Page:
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Federal NDP Leader Tom Mulcair speaks to supporters during a rally in Halifax on Sunday, Aug.30, 2015.

Darren Pittman/The Canadian Press

The Federal Balanced Budget Act, a bit of political grandstanding and bogus economics the Conservatives stuffed into this year's omnibus budget bill, lays out a list of punishments to be visited on any government that runs a deficit: The finance minister will have to appear before Parliament to atone for his sins, departments will have their salary budgets frozen, and ministers and deputy ministers will be hit with a five-per-cent pay cut. But an exception is made in the case of a recession. The act defines a recession as "a period of at least two consecutive quarters of negative growth in real gross domestic product for Canada, as reported by Statistics Canada."

On Tuesday morning, Statistics Canada reported. As expected, the country is, technically and legally, in a recession. Or at least it was in a recession, with an economy that contracted 0.8 per cent on an annualized basis in the first quarter, declining by another 0.5 per cent in the second quarter. The pullback was almost entirely caused by the collapse in oil prices, which led to a collapse in business investment in the energy sector. Much of the rest of the Canadian economy was still growing in the first half of the year, albeit slowly. And growth even picked up in June, which is why the Bank of Canada and most private-sector economists think the just-announced downturn is already something to be spoken of in the past tense, with (slow) growth expected for the rest of the year and next.

So it is, or was, a recession-lite kind of recession. And if we're lucky, it's already over. But even if the economy only pulled back a bit, and even if it's growing now, albeit slowly, it still shrank for two consecutive quarters. And that's a recession. Hey, it's the law. And the Conservatives wrote it.

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All of which poses some challenges for the Election 2015 script.

Consider the Conservative strategy: The governing party is running on slogans like "Proven Leadership for a Strong Economy." As proof of Leadership, it promised a balanced budget this year. But the not-so-strong economy means the budget will almost certainly record a small deficit in 2015-16, unless the government brings in a round of last-minute cuts in an economically counterproductive attempt at satisfying a purely political promise. The thing is, if the economy is (or was) in a recession, and ended up there because of a pullback in private-sector spending, then the last thing a government should do is institute a round of public-sector cutbacks. All else equal, that would only make a mediocre economic situation slightly worse.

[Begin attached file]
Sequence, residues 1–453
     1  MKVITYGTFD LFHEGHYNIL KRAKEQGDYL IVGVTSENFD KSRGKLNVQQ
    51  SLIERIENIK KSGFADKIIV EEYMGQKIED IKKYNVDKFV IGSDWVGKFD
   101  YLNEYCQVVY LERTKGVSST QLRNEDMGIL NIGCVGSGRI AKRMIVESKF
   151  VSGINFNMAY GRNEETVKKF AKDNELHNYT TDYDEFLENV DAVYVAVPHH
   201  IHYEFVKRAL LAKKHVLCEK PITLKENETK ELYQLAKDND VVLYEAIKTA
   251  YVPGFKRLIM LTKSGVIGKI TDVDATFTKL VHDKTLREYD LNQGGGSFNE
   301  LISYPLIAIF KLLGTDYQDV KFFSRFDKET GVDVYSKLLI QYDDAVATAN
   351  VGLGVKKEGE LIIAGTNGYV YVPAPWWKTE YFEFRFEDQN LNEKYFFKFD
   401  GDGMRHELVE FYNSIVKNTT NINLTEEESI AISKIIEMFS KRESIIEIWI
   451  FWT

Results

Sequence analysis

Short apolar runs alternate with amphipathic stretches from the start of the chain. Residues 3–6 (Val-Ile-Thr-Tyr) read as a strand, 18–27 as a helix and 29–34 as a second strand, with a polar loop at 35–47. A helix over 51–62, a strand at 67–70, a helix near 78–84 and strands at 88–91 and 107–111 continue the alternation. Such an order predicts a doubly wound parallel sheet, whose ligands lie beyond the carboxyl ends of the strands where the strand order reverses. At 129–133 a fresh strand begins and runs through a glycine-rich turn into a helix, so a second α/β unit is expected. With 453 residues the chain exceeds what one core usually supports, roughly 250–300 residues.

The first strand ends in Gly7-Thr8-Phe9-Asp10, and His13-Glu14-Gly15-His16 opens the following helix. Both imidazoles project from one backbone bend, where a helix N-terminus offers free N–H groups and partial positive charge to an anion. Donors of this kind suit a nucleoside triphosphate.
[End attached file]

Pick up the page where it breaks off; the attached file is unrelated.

But the Conservative Party is not the only one whose political rhetoric has not caught up with economic reality. Each of the major parties is, to some extent, trying to talk out of both sides of its mouth on deficits, recessions and the relationship between the two. There's a lot of hypocrisy to go around.

Take the New Democrats. Tom Mulcair is smilingly promising the seemingly impossible, the certainly unnecessary and the probably counterproductive: a balanced budget in the first year of an NDP mandate. The NDP has yet to release a fully costed platform but, as things now stand, its pledge does not appear to be arithmetically credible. More importantly, given the state of the economy, the pledge is economically uncalled for, or worse. Canada enjoys a low debt-to-GDP ratio, and it will continue to fall even if the country runs a small deficit, so there's no need to rush to balance.

But the NDP's promise, driven by the need to reassure middle-of-the-road voters that New Democrats will on this point be as conservative as the Conservatives, was not written to satisfy economists. If the country is suffering from a recession – the second of Mr. Harper's mandate, as Mr. Mulcair likes to remind listeners – then the NDP should be promising a deficit, not foreswearing one.

Or consider the Liberals. They are proudly promising deficits over the next three years, correctly pointing out that the deficit obsessions of 1995 are misplaced, because it's not 1995 any more. But at the same time, they're sending out the hero of the 1990s, former finance minister Paul Martin, to attack Mr. Harper as "the King of Deficits." In a rational universe, the Liberals would be congratulating him for that part of his record. And Mr. Harper would be accepting the crown. When the worst recession since the Great Depression hit in 2008, his minority government, urged on by the NDP and the Liberals, did the right thing: It ramped up spending, stimulated the economy, ran a huge deficit, and only brought it down slowly over many years, as the economy recovered. All hail the King.

But Conservative ideology and strategy won't allow Mr. Harper to claim credit for what he got right in 2008. Instead, he's crowing about a reported $5-billion surplus in the first three months of 2015 – a record of spending reduction that, if sustained in this recession-ish year, would deserve condemnation, not praise. Politics makes for strange ideological bedfellows, and novel hypocrisies.

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